In part one of this series, we looked at a few common mistakes that are made in business plan composition. Now let’s take a look at some things you can do to enhance your plan.
Use phasing in your plan. The graphic below shows the different phases a business can go through. Operational activities look very different in each one of these phases. You may not have all of the answers right now, but you should at least have an idea of how you plan to grow your company.
Market research is a pain, especially if you don’t know where to look. In my experience, the best place to find what I was looking for was on industry tradeshow websites. Research the tradeshows for your industry and peruse their websites to see if they have any market reports available. If that doesn’t work, then Google can be your best friend!
I really like Mintel Oxygen Reports. If you can find your industry report on Mintel then you’ve got it made. The caveat here is that they typically cost money, that is unless your local university has access to this database and you happen to know a student or are one. Professional industry market research reports can be expensive, but can offer you the quick fix to get all your needed research in one place. If you’re creating a new market, then you are out of luck unless you can find something representative of your new market that can be adapted.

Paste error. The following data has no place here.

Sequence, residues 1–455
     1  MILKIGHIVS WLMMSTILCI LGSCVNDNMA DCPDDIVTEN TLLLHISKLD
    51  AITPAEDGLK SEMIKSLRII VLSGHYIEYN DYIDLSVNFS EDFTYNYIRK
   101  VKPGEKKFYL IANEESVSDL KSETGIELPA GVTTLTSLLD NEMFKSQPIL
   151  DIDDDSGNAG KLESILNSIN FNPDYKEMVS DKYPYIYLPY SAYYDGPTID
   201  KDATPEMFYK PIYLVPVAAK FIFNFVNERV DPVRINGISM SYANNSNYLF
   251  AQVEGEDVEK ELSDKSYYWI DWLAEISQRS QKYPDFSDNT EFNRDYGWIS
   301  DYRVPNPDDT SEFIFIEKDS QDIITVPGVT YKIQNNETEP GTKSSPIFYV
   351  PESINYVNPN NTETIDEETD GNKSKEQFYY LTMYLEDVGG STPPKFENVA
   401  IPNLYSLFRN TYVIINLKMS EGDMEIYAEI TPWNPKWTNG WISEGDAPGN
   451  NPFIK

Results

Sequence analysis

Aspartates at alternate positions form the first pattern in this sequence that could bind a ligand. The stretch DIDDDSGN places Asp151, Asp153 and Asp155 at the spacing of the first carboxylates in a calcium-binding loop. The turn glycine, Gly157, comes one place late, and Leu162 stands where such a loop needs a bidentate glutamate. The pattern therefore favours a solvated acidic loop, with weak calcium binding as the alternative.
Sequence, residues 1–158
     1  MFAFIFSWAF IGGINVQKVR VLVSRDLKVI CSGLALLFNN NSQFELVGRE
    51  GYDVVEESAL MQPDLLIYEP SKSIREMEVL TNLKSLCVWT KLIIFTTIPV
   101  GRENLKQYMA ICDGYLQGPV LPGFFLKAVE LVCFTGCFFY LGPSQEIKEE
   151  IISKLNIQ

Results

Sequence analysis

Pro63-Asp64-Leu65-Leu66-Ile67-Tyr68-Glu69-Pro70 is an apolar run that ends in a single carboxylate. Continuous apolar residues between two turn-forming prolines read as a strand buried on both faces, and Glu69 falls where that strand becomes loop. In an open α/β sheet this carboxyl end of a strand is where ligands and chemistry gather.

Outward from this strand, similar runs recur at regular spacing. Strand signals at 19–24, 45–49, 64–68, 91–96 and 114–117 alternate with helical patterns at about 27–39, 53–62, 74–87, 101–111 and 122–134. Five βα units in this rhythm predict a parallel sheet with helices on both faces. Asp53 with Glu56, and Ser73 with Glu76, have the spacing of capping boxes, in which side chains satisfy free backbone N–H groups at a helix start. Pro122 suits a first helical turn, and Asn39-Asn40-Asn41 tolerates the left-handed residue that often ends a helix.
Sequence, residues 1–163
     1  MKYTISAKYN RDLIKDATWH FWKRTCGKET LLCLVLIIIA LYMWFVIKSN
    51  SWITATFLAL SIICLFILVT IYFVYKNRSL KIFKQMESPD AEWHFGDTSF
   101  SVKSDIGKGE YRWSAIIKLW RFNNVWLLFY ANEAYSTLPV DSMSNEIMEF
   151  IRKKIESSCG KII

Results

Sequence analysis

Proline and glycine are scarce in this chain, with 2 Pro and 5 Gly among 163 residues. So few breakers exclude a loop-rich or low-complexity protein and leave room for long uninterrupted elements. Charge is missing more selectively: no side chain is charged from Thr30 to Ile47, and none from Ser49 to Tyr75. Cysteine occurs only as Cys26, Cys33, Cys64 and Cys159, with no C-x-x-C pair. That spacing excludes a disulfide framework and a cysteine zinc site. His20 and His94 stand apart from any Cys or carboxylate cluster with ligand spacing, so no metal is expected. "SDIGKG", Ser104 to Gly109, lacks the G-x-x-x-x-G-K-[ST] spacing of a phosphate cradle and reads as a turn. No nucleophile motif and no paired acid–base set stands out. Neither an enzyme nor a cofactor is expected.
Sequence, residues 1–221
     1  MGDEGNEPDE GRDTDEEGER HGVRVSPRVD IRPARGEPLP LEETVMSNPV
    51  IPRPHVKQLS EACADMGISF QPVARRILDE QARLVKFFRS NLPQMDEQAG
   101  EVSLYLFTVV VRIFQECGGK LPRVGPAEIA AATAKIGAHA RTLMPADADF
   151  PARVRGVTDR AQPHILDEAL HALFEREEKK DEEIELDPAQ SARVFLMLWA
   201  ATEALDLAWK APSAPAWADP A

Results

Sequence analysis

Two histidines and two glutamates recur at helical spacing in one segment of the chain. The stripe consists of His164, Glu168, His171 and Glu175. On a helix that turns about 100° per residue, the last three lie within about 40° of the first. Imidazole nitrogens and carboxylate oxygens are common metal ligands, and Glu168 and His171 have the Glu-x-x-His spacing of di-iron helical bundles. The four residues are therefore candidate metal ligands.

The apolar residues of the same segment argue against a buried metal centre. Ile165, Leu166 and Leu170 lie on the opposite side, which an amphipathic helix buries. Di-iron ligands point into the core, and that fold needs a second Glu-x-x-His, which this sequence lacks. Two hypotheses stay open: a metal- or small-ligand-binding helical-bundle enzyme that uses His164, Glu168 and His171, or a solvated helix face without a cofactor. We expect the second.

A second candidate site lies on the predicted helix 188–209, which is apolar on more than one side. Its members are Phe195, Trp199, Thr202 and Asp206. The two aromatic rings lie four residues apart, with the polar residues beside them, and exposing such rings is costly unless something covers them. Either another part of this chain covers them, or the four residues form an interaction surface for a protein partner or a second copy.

Build a business model canvas for your business. Alexander Osterwalder introduced the concept of the business model canvas in 2008 and it has been quickly adopted as a key tool used in business planning. It’s a visual representation of the nuts and bolts of your business summed up into one page. This process guides you toward thinking about what’s important and helps you to define your business.
The exercise to build a business canvas model can be a fun and creative activity. I like to use a blank template with a free-for-all sticky note war with all of the founders and mentors. In this manner, we try to eliminate groupthink and allow individuals to be creative with their input into each segment. Once all the creative energy is spent, we go through each sticky note and decide what stays and what goes as a group. All of the answers can then be put into a one-page format like the example pictured above.
In closing, these are just a few of the tips I’ve picked up that I thought were really helpful in building a solid plan. Take a look at your plan and see if these tips might help.
Thanks for stopping by and remember to “Stop Doing the Mundane, and Start Getting Weird!”